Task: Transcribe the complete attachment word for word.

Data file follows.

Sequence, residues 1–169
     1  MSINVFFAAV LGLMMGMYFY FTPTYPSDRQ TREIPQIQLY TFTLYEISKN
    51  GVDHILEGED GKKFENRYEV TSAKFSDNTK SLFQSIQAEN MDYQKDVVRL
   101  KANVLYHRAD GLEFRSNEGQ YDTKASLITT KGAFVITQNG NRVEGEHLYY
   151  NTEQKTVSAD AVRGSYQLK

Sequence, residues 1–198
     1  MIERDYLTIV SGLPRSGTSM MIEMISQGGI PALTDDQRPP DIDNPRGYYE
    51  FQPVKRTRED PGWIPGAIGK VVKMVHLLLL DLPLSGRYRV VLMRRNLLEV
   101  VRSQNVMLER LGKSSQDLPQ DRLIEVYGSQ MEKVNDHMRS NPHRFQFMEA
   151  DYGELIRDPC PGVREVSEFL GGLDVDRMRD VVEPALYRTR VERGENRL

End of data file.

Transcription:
Sequence, residues 1–169
     1  MSINVFFAAV LGLMMGMYFY FTPTYPSDRQ TREIPQIQLY TFTLYEISKN
    51  GVDHILEGED GKKFENRYEV TSAKFSDNTK SLFQSIQAEN MDYQKDVVRL
   101  KANVLYHRAD GLEFRSNEGQ YDTKASLITT KGAFVITQNG NRVEGEHLYY
   151  NTEQKTVSAD AVRGSYQLK

Sequence, residues 1–198
     1  MIERDYLTIV SGLPRSGTSM MIEMISQGGI PALTDDQRPP DIDNPRGYYE
    51  FQPVKRTRED PGWIPGAIGK VVKMVHLLLL DLPLSGRYRV VLMRRNLLEV
   101  VRSQNVMLER LGKSSQDLPQ DRLIEVYGSQ MEKVNDHMRS NPHRFQFMEA
   151  DYGELIRDPC PGVREVSEFL GGLDVDRMRD VVEPALYRTR VERGENRL